Anna features a beautiful outside atmosphere set in Italy, which is why it’s a shame you don’t spend more time outside. But you didn’t come here for beauty, you came here to be scared. Sadly, before you get to go inside, you have to solve a puzzle. Such is the way of Anna. We all enjoy progression in games, and many of us enjoy earning that progression even more. But when it becomes a chore is when I start to lose interest. Let’s take a deeper look.
You start the game with little to no information about who you are or where you are. This is standard of many horror games as it leaves you to figure out everything. You are standing in front of a house attached to a sawmill. As you discover clues, these are added to your journal which you can use to put together the story. Sadly though, there isn’t much of a story. What little story there is, you have to work to put together. According to developer, Dreampainters, it is based on authentic folklore and set in a Val D’Ayas. Being that I am unfamiliar with the folklore of that location, I may not have been able to fully appreciate this game’s story.
Anna is a mixture of puzzle, adventure, and horror that we have been seeing become quite common-place as of late. Sadly, the game is lacking in each of these parts to some extent. While the game is certainly full of puzzles, the majority of them are incredibly difficult. Not in the sense that I was too dumb to comprehend it, but in that they were so vague I had no clue as to where to start. With the majority of these puzzles being largely inventory-based, it became less a question of “Can you figure it out?” and more of “Can you find these items hidden around here?” These puzzles began to feel like a chore about 30-minutes in.
The adventure part is pretty good. You have a sanity meter that gauges many things including your ending. As you react to the many scares this game likes to throw at you, your sanity drops. Don’t worry if you jump too much; your sanity can be replenished by completing puzzles. Sanity was added as part of the extended edition as the original version had no way for the player to lose.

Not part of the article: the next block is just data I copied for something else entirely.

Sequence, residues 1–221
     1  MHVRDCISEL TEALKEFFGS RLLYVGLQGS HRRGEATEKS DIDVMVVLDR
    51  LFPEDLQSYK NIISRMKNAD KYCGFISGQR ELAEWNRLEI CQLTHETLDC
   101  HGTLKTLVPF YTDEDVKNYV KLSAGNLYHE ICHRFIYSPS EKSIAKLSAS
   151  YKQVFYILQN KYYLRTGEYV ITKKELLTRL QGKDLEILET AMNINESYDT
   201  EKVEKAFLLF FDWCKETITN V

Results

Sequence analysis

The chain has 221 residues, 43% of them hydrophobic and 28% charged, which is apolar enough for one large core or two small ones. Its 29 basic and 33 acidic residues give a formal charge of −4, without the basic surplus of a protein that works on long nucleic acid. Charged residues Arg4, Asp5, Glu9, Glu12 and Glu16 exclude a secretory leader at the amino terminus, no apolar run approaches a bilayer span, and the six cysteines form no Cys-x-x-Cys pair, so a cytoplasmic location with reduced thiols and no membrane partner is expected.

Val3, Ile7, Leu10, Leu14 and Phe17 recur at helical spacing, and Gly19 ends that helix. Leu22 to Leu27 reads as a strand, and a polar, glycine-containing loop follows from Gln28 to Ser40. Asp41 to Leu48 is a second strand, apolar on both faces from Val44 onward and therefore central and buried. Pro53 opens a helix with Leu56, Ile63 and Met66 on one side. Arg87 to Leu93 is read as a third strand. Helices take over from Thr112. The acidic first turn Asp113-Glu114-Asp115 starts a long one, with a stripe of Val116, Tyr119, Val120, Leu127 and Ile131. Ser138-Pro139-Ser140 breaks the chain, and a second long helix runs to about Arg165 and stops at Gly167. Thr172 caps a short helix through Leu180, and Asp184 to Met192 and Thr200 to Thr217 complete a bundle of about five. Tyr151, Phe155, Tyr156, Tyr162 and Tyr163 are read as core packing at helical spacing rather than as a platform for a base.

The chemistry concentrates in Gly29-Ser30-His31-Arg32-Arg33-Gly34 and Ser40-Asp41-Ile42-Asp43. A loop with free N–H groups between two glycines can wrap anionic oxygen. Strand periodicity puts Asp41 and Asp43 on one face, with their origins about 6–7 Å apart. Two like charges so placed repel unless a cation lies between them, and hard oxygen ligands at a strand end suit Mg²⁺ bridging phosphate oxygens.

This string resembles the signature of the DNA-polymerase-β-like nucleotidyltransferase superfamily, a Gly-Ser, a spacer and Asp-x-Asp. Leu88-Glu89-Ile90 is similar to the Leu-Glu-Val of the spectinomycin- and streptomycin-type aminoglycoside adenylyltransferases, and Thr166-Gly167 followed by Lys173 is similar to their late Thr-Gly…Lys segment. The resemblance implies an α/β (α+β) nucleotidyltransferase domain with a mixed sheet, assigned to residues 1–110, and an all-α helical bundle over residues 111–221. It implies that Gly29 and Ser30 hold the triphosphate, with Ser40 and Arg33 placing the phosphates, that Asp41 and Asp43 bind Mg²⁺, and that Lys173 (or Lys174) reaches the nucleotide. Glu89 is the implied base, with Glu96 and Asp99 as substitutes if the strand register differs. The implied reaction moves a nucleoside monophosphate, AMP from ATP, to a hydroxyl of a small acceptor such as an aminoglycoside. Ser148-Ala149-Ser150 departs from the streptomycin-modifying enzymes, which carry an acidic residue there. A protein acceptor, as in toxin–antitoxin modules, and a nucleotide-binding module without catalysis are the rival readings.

Speaking of scares, this game wants to make you jump. And many times, it accomplished it with me. The creatures of the game are quite interesting and the sounds they make are even more interesting to me. Alongside the sounds of the creatures is the soundtrack for Anna. There is quite a variation in the soundtrack from soothing melodies while outside to epic chanting during intense moments. Nothing beats the creaking sound of a door closing from a room you were just in with noone around.
The game’s graphics are beautifully rendered, especially when outside. When you get inside, it is obvious that the game is supposed to be dark (as it should be) but the renders just don’t seem as crisp inside the house. The creatures are unique and well designed. Possibly my favorite part of the game was finding these new creatures as I ran away in a panic from them trying to get me.
Anna is a very short game, even in it’s extended format. Featuring around six hours of gameplay content, it can be completed in one large sitting. The only reason to go back is to attempt and complete each of the endings. Originally, there were two endings, but with the Extended Edition of Anna there are a few more which can assist in explaining the story.
Too much work for too little reward
Gameplay - 6/10
Plot - 4/10
Design - 7.5/10
Anna wants to be up there with the big boys in terms of horror video games, but it just falls short. With the lackluster story and dull puzzles, this game never reaches it’s true potential as an amazing story-telling experience.